“ On that dear Frame the Years had worn/ Yet precious as the House/ In which We first experienced Light”
Dickinson makes our histories’ frame – works tattered, and without real utility, presents us with her customary preternatural insight, the tension that lives between the past and the present. I’d like to direct this tension towards our conceptions of family. A few weeks into the semester, let us mourn the stark absence of our parents and siblings, but also critically recognise it for what it means, and what family is. An anomaly, I think, would serve as a great point of departure for this analysis. If our relationships were what we imagined, temporally and spatially dislocated as we are, then why is it we constantly come out of the holidays bickering with our loved ones and or missing our days at school? I’m not satisfied by that fisherman’s platitude the grass is always greener on the other side, and I hope you are not either.
So, I ask, what is a family and what does it mean for us, as sons and daughters? I’d say a family is a nucleus of routine with a subtle, but powerful hold on us. Stepping away from names, a family consistently works in the same way. Without distinction or choice, and with nothing thicker than blood, we are contracted into a collective. Some are healthier than others, but family is a collective all the same. A family puts great demand on our emotional space and what our values should be. There are two options when it comes to this structural, or familial, authority: submit or rebel. I’m sure we’ve all chosen both at various points in time.
Power by itself does not define family. We were raised in our collective and thus in many ways are validated by it; whether through approval or disapproval, our individuality was created there and so is inextricably linked to that family group. Thus we negotiated our social spaces and our routines, and we found what defined us. Over the years we’ve produced and reproduced these identity patterns through our family. Of course, exceptions exist to this mould of mine. I speak widely in hopes I will be challenged.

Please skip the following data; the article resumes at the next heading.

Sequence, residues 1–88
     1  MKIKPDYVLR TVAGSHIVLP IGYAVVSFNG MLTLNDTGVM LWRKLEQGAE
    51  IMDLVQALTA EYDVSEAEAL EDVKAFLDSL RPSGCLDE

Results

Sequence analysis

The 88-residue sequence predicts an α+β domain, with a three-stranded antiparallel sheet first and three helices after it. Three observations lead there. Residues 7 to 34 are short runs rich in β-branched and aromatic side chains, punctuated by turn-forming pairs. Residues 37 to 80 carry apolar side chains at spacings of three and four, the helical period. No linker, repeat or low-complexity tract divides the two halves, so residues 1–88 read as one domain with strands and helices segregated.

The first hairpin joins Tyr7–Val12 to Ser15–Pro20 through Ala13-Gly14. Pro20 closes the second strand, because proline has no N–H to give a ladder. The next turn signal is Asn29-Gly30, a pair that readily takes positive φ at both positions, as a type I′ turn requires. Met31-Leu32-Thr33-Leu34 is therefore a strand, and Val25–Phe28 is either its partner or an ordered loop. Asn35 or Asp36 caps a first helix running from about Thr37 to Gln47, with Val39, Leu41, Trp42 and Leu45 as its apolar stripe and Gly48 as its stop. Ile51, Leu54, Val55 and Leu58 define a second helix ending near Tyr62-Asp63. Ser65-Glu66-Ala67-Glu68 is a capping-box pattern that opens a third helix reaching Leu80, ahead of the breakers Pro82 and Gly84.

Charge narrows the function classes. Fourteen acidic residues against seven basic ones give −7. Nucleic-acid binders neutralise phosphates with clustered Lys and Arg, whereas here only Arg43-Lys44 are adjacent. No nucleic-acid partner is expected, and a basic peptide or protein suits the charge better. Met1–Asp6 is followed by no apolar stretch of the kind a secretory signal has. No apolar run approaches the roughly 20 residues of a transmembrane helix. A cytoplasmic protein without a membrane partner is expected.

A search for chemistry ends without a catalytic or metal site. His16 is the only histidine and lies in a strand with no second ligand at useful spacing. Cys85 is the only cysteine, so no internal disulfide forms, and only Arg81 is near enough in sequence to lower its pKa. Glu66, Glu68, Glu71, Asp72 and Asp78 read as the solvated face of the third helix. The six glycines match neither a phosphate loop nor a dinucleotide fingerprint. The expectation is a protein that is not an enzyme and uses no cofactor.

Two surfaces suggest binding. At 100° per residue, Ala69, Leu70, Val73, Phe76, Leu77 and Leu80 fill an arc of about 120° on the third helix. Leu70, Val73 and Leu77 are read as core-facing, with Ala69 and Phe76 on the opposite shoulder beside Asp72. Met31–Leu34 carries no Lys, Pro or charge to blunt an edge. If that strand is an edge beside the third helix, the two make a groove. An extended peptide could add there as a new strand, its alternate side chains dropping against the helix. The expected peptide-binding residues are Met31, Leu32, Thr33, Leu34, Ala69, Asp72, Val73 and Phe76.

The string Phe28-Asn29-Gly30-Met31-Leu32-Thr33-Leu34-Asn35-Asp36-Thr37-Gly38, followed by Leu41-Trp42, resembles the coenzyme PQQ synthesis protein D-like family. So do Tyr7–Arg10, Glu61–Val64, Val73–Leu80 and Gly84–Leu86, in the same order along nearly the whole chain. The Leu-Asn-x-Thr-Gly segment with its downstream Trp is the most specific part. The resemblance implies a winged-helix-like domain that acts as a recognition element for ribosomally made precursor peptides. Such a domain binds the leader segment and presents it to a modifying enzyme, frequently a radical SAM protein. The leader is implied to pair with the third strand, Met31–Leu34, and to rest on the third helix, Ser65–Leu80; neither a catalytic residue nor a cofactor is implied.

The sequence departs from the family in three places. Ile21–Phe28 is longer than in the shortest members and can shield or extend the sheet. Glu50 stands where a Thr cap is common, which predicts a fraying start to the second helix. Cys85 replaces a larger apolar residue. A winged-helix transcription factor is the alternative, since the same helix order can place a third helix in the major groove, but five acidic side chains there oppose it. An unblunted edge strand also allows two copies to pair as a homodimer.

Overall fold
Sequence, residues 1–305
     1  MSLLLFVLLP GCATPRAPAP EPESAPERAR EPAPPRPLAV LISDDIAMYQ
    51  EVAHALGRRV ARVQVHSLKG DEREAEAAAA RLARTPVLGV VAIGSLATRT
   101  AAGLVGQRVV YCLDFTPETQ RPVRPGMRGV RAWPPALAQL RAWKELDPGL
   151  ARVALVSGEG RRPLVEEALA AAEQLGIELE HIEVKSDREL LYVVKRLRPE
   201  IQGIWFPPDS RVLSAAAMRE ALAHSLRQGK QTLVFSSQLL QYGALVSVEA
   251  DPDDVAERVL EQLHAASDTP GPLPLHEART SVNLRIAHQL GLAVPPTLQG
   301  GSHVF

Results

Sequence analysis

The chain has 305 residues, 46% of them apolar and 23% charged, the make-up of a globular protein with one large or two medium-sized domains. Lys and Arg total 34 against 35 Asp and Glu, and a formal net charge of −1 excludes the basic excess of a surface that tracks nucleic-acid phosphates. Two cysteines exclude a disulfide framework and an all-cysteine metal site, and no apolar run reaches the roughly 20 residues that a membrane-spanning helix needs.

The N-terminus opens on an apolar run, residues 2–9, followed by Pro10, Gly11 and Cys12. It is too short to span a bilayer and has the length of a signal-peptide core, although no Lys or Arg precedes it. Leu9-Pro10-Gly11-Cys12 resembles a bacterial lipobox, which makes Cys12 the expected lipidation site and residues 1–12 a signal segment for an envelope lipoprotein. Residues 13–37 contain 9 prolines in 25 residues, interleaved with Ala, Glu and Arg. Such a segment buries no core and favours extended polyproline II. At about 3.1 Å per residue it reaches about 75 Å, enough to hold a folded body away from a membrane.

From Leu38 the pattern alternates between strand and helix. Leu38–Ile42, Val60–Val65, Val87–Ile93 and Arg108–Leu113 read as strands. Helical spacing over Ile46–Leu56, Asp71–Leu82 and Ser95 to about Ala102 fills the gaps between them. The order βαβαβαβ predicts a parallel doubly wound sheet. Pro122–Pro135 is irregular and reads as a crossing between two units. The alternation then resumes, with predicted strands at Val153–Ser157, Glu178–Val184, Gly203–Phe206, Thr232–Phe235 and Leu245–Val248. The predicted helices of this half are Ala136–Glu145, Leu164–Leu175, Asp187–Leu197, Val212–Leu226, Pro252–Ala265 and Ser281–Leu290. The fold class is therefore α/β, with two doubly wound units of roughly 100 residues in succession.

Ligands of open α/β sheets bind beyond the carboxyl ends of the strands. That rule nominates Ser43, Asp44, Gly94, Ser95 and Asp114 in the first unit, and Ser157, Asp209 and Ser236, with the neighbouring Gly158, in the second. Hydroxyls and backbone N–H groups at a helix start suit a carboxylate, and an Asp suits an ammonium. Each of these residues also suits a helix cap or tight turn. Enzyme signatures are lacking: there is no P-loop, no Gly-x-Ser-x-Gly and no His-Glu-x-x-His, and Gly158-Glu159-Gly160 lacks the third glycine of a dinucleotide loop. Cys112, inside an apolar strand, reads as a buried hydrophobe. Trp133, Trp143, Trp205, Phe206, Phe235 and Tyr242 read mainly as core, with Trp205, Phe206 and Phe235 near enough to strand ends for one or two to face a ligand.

“Man hands on misery to man/ It deepens like a coastal shelf.”
In, “This Be The Verse”, Larkin writes the seminal piece on angry perceptions of parenthood. His tragic vision isolates the negative and fails to recognise that misery, in what is I admit a very Nietzschean way, defines meaning. Further than that, his imagery is strong and conveys the notion, through his deepening coastal shelf – a natural, inescapable process – that the power of family structure simply cannot be helped. His advice is that we “get out as early as we can” to avoid inheriting the vices of family. But what of the positives? Our nostalgia for the past or “homesick – ness” certainly shows that there are good things for even the most troubled families.
Collectives and routines indiscriminately hammer our impressions to the point of ideational reification (fly away from this!). So we believe mother is mother, that she is not a human (with flaws and strengths and failures and successes). She is simply mother. But, I would say, we mustn’t allow family to so easily take a hold of our faculties. And they don’t, most of the time. After we are out of their care, we change our perceptions of our families, our pasts. But why? It’s not as if your loved one has suddenly pulled a Jekyll and Hyde. Perhaps, it is distance that forces this concept. As we leave the collective and enter university – unless you were the lucky soul who already knew someone here – we are without the safety of everything that a family provides. We become individuals within a new structure, where we can and do respond to things differently. As humans, we crave an old, familiar structure – at the fraternity-like tradition of academic parents can attest – but with a new environment, and fresh minds as your compatriots, we can, and ought to, become something new. No longer dominated by our family’s wishes, we have clean eyes that can finally see the world with “unchecked original energy.”
In conclusion, we narrate our nostalgia, or our trauma, of family to ourselves and to others to try and explain where we came from. We use distance as a tool with which to re-examine our connections to the past. Identity inevitably recreates it – self, so let’s push it along. See a mother as a friend, not just as comfort – technology has made her two minutes away. Family is just family, it is beyond good or evil, it is just another part of life. she speaks of is no longer necessary, at least until you go home and become the same person you were last summer.